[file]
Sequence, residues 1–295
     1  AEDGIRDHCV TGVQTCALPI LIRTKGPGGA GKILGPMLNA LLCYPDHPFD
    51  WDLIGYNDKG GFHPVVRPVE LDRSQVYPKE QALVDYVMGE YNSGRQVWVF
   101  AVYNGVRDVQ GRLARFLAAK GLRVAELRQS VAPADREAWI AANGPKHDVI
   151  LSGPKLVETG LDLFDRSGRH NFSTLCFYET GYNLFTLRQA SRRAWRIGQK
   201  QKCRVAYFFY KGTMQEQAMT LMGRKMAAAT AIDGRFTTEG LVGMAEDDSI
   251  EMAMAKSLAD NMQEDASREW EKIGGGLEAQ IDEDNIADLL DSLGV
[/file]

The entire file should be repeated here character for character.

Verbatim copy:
Sequence, residues 1–295
     1  AEDGIRDHCV TGVQTCALPI LIRTKGPGGA GKILGPMLNA LLCYPDHPFD
    51  WDLIGYNDKG GFHPVVRPVE LDRSQVYPKE QALVDYVMGE YNSGRQVWVF
   101  AVYNGVRDVQ GRLARFLAAK GLRVAELRQS VAPADREAWI AANGPKHDVI
   151  LSGPKLVETG LDLFDRSGRH NFSTLCFYET GYNLFTLRQA SRRAWRIGQK
   201  QKCRVAYFFY KGTMQEQAMT LMGRKMAAAT AIDGRFTTEG LVGMAEDDSI
   251  EMAMAKSLAD NMQEDASREW EKIGGGLEAQ IDEDNIADLL DSLGV